At MandaLao Elephant Sanctuary & Tours, visitors can walk with elephants, feed and splash them – but they can’t ride these retired work animals, whose back-breaking days of hefting heavy logs and howdahs full of tourists are over
On a narrow path that winds through a grove of banyans and giant ferns by a babbling brook, a fallen tree lies across a muddy bank. Mr Kit takes an immediate interest in it, peeling off from his small party of wanderers to investigate. He nudges the heavy log with his head. It doesn’t budge, so Mr Kit decides to straddle it instead, rubbing his belly against it to scratch an itch.
He dismounts and breaks into a run, then stumbles and skids down the slippery riverbank. He is unhurt and begins to wallow in the thick mud, before clambering back to his feet, caked in muck, and dashing off to rejoin his mother.
Mr Kit is a 16-month-old Asian elephant calf and duly behaves like a kid. He’s vigorous, rambunctious and mischievous. One minute he’s on his best behaviour, sucking milk from his mother, Tongkhun, under a strangler fig. The next, he’s off for some more devil-may-care hijinks.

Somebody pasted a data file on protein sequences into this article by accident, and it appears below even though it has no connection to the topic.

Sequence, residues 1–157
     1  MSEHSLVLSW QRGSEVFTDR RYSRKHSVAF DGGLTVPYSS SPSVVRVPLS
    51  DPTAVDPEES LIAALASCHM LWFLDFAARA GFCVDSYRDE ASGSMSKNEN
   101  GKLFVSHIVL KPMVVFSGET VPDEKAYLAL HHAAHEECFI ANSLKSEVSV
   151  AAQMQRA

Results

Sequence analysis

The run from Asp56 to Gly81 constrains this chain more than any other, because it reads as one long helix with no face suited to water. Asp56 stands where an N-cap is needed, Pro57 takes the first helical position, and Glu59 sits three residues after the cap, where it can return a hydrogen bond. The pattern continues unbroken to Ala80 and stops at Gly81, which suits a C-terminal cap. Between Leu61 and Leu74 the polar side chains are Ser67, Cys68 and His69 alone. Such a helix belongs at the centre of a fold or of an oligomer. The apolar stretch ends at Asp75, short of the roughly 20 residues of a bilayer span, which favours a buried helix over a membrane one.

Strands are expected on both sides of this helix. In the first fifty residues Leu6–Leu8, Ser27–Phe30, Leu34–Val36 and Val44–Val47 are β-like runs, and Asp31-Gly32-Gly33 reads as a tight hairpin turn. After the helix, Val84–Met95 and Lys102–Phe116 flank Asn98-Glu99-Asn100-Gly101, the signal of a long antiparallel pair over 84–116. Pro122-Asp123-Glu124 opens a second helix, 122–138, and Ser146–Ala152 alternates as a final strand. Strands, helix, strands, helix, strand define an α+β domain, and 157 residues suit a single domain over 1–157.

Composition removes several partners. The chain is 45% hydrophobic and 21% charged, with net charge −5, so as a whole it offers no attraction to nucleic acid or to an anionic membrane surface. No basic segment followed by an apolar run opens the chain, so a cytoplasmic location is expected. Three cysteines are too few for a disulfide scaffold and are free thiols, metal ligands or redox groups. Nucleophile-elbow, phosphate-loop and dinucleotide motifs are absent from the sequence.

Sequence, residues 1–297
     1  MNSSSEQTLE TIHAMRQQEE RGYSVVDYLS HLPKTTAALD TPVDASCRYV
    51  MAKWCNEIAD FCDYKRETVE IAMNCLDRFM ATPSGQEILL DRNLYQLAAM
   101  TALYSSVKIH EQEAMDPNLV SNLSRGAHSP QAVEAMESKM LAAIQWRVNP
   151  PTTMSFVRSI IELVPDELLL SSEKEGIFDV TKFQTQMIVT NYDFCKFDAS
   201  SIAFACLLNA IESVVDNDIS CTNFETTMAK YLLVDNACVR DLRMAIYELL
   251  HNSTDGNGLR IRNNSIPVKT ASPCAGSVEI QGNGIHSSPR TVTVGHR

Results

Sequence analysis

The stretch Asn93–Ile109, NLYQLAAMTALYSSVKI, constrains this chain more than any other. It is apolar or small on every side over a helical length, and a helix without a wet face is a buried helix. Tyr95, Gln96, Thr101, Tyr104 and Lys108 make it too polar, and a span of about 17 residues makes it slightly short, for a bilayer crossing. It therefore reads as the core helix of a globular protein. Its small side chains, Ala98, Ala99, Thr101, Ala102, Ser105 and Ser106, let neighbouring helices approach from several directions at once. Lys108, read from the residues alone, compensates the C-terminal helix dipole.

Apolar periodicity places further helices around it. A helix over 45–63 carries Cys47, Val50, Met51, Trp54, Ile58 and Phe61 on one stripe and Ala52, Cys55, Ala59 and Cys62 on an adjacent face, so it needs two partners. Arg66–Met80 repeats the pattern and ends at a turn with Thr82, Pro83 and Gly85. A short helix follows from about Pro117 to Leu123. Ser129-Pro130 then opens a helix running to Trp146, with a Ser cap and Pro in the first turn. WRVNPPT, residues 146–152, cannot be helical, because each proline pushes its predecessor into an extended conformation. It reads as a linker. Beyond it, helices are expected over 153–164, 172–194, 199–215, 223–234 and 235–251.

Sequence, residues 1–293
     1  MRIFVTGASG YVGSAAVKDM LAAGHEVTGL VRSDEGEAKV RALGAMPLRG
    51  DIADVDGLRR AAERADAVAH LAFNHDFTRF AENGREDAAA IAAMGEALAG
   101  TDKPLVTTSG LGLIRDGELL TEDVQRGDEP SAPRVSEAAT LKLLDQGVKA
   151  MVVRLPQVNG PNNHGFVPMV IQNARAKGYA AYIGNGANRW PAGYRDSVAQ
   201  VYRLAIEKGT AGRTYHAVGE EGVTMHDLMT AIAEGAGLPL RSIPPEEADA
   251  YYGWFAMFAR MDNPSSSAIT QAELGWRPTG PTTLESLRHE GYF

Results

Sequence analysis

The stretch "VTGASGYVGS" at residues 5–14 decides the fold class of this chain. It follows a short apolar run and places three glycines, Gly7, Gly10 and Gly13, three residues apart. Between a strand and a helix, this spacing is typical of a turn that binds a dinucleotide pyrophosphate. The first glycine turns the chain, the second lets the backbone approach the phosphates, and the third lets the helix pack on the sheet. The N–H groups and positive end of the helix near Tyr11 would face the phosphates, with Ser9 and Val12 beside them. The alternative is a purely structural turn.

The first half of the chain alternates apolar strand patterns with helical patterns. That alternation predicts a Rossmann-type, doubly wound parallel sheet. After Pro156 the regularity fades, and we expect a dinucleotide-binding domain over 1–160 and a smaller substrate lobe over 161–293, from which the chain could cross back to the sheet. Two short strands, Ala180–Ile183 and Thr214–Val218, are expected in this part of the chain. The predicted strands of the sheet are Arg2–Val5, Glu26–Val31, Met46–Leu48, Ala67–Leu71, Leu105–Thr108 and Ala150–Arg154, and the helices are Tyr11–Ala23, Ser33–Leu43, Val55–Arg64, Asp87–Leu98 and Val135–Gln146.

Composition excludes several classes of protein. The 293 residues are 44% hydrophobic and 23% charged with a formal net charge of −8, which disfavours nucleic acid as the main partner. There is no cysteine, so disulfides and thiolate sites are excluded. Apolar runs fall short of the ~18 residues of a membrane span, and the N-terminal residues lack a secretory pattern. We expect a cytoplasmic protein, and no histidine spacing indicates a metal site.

“The baby boy is pretty hysterical,” says Michael Vogler, an American conservationist who is one of the young elephant’s handlers. “He’s quite a trip.”
He’s also quite a draw at MandaLao Elephant Sanctuary & Tours, run by Vogler and a few other budding entrepreneurs. The ecotourism start-up offers refuge for six retired work elephants, and Mr Kit. It enables visitors to get up close and personal with the beasts in northern Laos, outside the ancient royal capital of Luang Prabang.
Tourists can walk with the sanctuary’s elephants on trails in countryside dotted with vegetable plots and little villages of bamboo shacks. They can splash water and moisturising herbal sprays on them at bathing time in the Nam Khan River. And they can feed them plantains (a banana-like fruit) and pose for pictures with them. But they can’t ride them.